Compromise in relationships isn’t always easy, but it’s incredibly important.
I have talked about my sleep before. I love my sleep and I want to get as much as I can. I am also a light sleeper, so when my husband breathes or stretches I feel the effects. I have gotten used to his way of sleeping, but lately when I wake up in the middle of the night he apparently wakes too (must be our ages—we’re getting older).
The new trend is, I try to get back to sleep as soon as possible and I am almost there and then he will move or make a noise and this move or sound wakes me up. I will try again to get back to sleep and I am almost there and then he will make a noise or move and I will wake up again. This has been happening a lot lately.
Avoiding Suffering Often Requires Compromise or Sacrifice
All of us know what it feels like to be suddenly awakened. And if you are just settling into a deep snooze it can be jarring!
Last night when this trend started to happen, I decided to get up and go sleep in another room. I grab my pillow, a sweatshirt, some shoes. The dog follows me to the spare room by the front door where I’ll be ready to take her out, first thing in the morning.
Compromise in Relationships Means Giving Up Something Small in Exchange for Something Greater
This takes planning. I DO NOT WANT TO DO THIS. But the alternative is to wake him up and say, “Please stop moving,” or “I know you are awake, why don’t you get up.” Because if I say these things to him he will say, “I am not moving and I am not awake,” and then we have some sort of conversation where we are almost arguing about it when both of us are just trying to get some sleep.
So, to avoid all that, I just picked up my things and went to the spare room. No big deal right? Well it really was a big deal to me. I don’t want to get up out of my warm bed. I am also getting really mad that I have to do this to get sleep. I can feel myself walking to the other room filled with distress. I am distressed and I can’t even give you a reason why. I just feel the distress all through me.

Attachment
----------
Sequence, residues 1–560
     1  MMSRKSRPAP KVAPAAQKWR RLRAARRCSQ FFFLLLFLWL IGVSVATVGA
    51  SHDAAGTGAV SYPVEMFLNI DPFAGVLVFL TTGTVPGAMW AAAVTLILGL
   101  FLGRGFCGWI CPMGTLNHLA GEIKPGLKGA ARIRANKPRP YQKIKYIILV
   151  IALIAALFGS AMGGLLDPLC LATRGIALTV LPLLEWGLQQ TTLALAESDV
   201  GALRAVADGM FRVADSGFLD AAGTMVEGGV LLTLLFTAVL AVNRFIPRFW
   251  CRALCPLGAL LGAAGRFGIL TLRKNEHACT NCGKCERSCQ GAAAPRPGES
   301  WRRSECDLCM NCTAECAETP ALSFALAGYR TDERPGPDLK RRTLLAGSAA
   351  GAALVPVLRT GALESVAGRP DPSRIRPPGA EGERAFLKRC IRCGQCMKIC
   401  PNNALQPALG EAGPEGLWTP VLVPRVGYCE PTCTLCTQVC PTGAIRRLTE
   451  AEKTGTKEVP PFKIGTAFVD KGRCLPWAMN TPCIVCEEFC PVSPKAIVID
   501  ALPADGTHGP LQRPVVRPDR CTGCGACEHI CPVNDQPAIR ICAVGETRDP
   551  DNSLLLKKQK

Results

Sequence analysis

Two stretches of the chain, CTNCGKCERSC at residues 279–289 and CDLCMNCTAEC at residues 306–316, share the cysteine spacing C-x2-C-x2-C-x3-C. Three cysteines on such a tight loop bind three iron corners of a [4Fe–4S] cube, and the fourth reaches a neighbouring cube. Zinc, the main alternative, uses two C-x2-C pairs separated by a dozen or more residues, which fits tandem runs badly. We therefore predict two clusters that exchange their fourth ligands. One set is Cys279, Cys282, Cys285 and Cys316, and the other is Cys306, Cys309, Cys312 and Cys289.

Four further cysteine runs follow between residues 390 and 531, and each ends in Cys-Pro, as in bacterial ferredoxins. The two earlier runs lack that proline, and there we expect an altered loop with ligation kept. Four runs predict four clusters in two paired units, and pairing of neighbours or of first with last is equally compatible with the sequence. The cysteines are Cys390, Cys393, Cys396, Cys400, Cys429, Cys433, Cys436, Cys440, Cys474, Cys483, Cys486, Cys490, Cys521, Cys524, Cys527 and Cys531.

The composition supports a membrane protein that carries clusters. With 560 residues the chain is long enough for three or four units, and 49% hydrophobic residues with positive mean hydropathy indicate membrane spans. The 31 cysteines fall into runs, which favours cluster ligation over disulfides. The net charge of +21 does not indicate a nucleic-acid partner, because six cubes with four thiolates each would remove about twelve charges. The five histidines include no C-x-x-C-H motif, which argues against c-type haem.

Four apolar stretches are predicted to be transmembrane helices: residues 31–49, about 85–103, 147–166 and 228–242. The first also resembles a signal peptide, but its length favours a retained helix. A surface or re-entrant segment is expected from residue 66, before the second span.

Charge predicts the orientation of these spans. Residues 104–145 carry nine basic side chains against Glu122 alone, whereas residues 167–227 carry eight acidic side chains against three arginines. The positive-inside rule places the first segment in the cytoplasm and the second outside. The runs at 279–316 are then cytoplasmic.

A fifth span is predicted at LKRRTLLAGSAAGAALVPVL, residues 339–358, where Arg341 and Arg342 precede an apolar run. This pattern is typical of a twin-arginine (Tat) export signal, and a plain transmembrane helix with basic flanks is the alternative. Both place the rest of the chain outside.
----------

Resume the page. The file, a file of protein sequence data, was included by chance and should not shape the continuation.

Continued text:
Happiness May Require Making Peace with Your Compromises
That’s when I started talking to myself; you know when that really smart part of you on the inside gives you a good idea that really works? I started hearing my inner voice telling me there is nothing to worry about, everything is OK.
These thoughts calmed me down and as I curled up inside the other bed I felt safe, and warm and peaceful. The doggie is asleep on the bed also. If she can just close her eyes, I can too. And I did. I slept until I woke up the next day.
…And Making Peace with Your Compromise May Require Self-Talk
So how did I do that? How did I stop seeing my husband’s noise and movements as torture and my husband as the torturer? I just felt myself telling myself, “I am OK, nothing to be upset about. You can sleep and have a good night.”
I am still marveling that it happened. And when it did, I felt the end of my suffering. I no longer suffered holding on to the discomforting thoughts about how my husband did something to me. I don’t think I just let it go, I really believe I had a different thought that I would be OK. The thought, “I am OK,” calmed me down. I no longer suffered with the other discomforting thoughts blaming my husband.
Take Time to Reflect on Compromises You Make
Is this a breakthrough? Maybe, maybe not. Maybe it was just one moment that I looked at, in order to understand how to be less uncomfortable in my own body. And maybe, at least for that moment, it was enough.
Rebuild Trust in Your Partner and Your Relationship
Read a Book About Relationships
Can’t make it on Monday? If you’d like some help learning about communication and compromise in relationships, try reading Linda’s book, Safe. Happy. Loved. Simple Skills for Your Relationship. It might just help you understand each other better, helping you find a nice middle-ground. Give it a read.
Get Couples Counseling
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